You are right about Alexi; he'd better watch out or he will be pushed out on to the plank with JK.

    Was this the best soccer we can expect from the MLS or was this somehow a fluke? With the availability of European soccer in today's TV market we can only hope this, our US product improves.

  2. Kent James, December 8, 2014 at 11:40 p.m.

    Paul Gardner relying on statistics!? Perish the thought. The next thing you know he'll actually allow coaches to use such measures to try to improve their teams' performances. (:-) Though in this case, the statistics did not lie. I've never seen so many poor passes in a professional game. I'm not sure why, because most MLS games are better than that. The field looked uneven (at leas in the color of the grass) but the announcers said it was in excellent shape. There were a lot of long passes (maybe PG will provide some statistics for that), which were more likely to become turnovers, but I was amazed at how many seemingly simple passes went astray.

  3. Andrea Hana, December 9, 2014 at 2:29 a.m.

    The first half was a yawner. The second, and overtime, was kind of a desperate blood-bath with some poor sportsmanship displayed. One of the worst games, especially for the MLS Cup, to have been played this season. I hold a grudge. I wished that the Sounders would have, finally, overtaken their nemesis and gone on to play the Rev's. THAT would have been a better game! Every club in the league seems to have something to prove when they went up against the Sounders, but it made a recipe for exciting games! What a season they had! Too bad about this "piss poor" MLS Cup game!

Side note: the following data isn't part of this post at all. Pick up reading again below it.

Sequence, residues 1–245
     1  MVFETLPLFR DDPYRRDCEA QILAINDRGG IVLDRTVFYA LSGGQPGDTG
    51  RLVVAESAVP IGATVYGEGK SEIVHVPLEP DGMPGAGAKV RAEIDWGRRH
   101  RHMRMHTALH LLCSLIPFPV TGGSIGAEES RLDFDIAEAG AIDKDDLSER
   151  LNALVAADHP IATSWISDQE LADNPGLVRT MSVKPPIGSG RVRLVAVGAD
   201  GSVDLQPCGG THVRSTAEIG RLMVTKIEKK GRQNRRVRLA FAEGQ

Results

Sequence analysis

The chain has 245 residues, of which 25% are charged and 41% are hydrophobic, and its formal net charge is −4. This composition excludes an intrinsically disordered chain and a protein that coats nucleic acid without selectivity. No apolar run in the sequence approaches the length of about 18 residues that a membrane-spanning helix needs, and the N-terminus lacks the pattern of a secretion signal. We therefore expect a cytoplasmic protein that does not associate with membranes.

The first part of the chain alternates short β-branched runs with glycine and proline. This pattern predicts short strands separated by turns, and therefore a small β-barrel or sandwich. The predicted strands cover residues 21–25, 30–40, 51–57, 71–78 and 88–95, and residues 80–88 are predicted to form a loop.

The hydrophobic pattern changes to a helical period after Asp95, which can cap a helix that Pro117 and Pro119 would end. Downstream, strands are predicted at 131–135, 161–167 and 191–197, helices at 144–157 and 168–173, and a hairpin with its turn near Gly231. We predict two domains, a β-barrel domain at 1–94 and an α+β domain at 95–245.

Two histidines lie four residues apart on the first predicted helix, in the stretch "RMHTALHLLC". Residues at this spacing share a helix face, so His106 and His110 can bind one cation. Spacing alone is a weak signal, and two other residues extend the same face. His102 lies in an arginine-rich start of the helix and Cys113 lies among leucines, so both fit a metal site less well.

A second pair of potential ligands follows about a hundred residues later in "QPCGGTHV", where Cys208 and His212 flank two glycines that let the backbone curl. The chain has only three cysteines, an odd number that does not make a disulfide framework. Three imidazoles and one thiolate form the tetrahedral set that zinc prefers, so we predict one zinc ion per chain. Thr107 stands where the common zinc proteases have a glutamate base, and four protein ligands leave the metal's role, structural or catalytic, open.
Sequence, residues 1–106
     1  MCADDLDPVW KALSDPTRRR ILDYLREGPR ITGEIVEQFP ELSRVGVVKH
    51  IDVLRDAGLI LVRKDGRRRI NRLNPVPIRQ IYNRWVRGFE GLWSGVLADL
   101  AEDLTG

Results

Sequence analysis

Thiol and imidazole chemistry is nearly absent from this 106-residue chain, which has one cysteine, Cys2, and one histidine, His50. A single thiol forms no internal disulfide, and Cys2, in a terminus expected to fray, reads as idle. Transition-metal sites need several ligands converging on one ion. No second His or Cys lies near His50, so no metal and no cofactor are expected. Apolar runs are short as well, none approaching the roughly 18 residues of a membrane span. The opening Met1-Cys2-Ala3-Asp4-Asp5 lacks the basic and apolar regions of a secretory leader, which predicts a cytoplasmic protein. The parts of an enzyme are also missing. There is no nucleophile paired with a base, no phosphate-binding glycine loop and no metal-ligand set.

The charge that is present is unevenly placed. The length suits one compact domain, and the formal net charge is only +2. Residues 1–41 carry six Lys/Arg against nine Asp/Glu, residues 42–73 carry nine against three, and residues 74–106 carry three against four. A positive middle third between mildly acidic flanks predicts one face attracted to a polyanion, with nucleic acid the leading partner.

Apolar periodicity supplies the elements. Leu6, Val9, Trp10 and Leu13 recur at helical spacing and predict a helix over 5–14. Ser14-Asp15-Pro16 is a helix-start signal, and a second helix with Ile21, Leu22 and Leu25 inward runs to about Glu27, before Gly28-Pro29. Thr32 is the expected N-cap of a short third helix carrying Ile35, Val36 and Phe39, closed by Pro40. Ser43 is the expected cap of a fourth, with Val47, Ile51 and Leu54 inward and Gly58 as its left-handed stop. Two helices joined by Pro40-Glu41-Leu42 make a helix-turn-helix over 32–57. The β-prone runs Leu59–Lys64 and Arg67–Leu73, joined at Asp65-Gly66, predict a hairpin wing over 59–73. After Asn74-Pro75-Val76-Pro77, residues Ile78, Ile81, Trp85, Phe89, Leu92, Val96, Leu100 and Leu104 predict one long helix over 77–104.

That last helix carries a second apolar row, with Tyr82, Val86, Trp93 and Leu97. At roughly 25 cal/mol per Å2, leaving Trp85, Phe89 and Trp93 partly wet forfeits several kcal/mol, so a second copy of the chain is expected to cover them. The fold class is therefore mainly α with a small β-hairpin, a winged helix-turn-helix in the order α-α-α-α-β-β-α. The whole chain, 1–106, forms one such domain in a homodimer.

4. Tom Tani, December 9, 2014 at 6:43 a.m.

    I may incur some wrath here in referring to the "Other" football :) but I think what we saw here was what we see in many of the NFL Super Bowl Games, both teams playing "tight" and not to lose instead of playing like they should. LA was probably thinking about sending LD off in style and NE was thinking about breaking their 0-4 record in MLAS finals.

    I am just glad we didn't end the game in a PK shootout!

  5. David Singer, December 9, 2014 at 9:02 a.m.

    Paul Gardner's article pretty much sums up what it's like in a typical MLS game. The plays are not very sophisticated and there is an overall lack of good fundamentals and defense. The players don't work the pitch like a chessboard the way Barclay's Premier League teams do. They just want to go straight for the goal, hence the turnovers.

    Admittedly, I'm a new comer to MLS, but a rave fan of BPL, La Liga and follow most European Leagues. I’ve made the concerted effort to watch live games of my hometown DC United team and drove to Gillette Stadium to watch the Revs take on the Red Bulls in the Eastern Conference Finals. I like the excitement, but the talent is not quite there. I support my local team by buying season tickets, but I hope the teams improve.